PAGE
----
It’s been a busy week for YouTube. Now, it’s the BBC has signed a deal with Google’s video sharing site to form not one, but three official BBC channels on the site that will distribute BBC’s news and entertainment content in the hopes of driving more traffic to the BBC website.
The multi-year deal is non-exclusive, and includes content from the BBC, BBC Worldwide, and BBC News. The BBC “public service” channel, though, will contain no advertising and contain supplementary content like behind-the-scenes clips in order to promote existing BBC programs and encourage viewings on the BBC home page.
The BBC Worldwide “entertainment” channel will contain archived clips from popular BBC programs like “Top Gear” and “The Mighty Boosh”. Ads include banners and pre-rolls. The Worldwide channel will be viewable with advertising by UK users, which could generate some controversy. The BBC has taken heat from a proposal to place advertising on the international BBC.com home page. However, the BBC’s entertainment programs are already monetized by ads through print and television.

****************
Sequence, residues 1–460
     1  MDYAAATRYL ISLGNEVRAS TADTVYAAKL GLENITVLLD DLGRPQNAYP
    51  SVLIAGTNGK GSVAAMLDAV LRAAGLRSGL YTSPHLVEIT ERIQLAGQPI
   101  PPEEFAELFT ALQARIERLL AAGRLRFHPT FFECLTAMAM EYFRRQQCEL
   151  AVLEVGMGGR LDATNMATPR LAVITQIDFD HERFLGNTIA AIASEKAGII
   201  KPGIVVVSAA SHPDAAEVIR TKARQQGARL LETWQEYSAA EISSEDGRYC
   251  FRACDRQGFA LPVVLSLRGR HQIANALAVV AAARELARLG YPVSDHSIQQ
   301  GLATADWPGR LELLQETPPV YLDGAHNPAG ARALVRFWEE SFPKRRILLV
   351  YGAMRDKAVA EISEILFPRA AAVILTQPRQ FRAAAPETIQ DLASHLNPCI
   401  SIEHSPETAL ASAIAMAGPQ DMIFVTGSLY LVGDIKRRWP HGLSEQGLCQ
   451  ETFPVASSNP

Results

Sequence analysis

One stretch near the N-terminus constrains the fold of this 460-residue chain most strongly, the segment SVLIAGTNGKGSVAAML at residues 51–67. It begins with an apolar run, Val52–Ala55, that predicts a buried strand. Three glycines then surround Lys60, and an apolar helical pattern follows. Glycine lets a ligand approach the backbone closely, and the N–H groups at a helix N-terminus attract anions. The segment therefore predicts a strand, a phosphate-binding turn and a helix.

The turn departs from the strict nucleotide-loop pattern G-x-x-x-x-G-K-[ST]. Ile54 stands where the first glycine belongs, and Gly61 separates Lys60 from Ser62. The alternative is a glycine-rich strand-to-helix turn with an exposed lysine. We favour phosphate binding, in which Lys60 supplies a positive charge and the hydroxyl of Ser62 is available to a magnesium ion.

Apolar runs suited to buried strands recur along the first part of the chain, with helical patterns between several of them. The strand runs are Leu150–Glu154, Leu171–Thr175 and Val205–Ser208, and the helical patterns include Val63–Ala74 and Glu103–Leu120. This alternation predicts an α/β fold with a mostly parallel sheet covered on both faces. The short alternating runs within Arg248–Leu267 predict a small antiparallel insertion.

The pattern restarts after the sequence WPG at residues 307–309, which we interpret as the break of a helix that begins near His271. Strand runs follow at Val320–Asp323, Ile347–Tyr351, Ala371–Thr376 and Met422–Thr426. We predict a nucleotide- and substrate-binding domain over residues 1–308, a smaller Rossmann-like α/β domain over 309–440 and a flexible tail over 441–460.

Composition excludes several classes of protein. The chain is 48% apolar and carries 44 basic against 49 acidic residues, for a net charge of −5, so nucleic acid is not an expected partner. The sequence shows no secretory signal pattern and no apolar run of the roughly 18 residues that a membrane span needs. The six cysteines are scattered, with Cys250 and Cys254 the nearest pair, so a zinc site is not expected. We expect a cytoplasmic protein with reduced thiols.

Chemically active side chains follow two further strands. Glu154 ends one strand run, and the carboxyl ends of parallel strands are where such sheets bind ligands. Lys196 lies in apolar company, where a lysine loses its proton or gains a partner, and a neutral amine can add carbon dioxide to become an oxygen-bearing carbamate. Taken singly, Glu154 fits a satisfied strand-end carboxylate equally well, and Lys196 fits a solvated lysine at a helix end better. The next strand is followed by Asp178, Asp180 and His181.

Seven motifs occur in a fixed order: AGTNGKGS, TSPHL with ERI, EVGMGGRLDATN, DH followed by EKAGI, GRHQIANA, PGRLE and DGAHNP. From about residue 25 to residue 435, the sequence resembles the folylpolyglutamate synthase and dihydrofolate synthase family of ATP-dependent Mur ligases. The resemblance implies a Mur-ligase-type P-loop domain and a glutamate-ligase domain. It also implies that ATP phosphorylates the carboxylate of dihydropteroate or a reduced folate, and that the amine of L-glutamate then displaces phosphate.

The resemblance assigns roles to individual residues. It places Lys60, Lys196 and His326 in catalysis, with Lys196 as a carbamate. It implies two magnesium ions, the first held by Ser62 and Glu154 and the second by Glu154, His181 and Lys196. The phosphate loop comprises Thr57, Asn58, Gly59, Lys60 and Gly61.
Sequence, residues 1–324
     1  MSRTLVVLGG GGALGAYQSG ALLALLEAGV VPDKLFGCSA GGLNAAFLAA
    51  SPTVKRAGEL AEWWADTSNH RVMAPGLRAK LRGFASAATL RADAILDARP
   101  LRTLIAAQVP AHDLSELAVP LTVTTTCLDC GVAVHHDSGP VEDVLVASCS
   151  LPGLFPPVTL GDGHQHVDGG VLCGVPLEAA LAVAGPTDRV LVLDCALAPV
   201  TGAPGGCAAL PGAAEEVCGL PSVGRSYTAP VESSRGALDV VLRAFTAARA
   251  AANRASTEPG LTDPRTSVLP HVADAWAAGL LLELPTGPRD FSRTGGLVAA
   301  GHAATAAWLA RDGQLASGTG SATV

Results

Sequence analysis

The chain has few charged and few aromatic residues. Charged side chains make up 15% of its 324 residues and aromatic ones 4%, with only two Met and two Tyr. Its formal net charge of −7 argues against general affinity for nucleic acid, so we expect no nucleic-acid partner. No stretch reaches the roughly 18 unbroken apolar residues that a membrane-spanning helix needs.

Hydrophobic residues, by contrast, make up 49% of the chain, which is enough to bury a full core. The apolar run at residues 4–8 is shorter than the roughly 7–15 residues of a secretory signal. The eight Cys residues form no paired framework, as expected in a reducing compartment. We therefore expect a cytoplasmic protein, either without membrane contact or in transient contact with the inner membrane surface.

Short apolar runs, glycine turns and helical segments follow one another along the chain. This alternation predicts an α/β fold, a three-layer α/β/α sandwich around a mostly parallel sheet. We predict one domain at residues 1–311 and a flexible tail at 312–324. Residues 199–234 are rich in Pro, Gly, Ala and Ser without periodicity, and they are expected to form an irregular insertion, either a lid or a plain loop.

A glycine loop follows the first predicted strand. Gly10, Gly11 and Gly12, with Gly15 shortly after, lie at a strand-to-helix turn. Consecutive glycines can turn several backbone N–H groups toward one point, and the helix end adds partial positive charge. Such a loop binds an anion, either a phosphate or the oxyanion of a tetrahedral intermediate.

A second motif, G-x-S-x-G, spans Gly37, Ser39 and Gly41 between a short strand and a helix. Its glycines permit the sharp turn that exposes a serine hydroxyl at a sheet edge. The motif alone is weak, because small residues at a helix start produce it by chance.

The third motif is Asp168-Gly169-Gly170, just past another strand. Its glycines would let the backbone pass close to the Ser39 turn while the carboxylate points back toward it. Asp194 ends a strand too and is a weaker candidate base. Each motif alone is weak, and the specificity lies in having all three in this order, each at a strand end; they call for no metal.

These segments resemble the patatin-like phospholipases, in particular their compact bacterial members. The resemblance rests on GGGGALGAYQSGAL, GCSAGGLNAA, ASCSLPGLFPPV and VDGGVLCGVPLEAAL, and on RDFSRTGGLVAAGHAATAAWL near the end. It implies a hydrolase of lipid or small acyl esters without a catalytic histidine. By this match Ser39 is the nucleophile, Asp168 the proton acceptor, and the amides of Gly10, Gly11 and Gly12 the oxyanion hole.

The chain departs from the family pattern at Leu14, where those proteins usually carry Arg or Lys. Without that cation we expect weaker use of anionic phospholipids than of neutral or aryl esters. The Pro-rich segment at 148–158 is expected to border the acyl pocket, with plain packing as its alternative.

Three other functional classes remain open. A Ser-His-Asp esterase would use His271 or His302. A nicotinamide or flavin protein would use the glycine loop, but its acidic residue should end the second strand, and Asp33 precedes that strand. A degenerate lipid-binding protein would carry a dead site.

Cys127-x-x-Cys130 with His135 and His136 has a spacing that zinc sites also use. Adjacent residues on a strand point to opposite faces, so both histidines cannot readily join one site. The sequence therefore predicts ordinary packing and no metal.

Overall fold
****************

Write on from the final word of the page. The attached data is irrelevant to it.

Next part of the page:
Meanwhile, the news channel will show about 30 news clips per day, much like a similar deal made between the BBC and Yahoo. But because the news clips are supported by advertising, they will be inaccessible to users in the UK.
“We don’t want to be overzealous, a lot of the material on YouTube is good promotional content for us,” said BBC director of future media and technology Ashley Highfield in a BBC News story announcing the deal.
According to Highfield, unlike other content providers, the BBC will not be cracking down on BBC clips already uploaded to YouTube unless they infringe on other people’s copyrights as with sporting events, or if they are harmful to the BBC brand itself.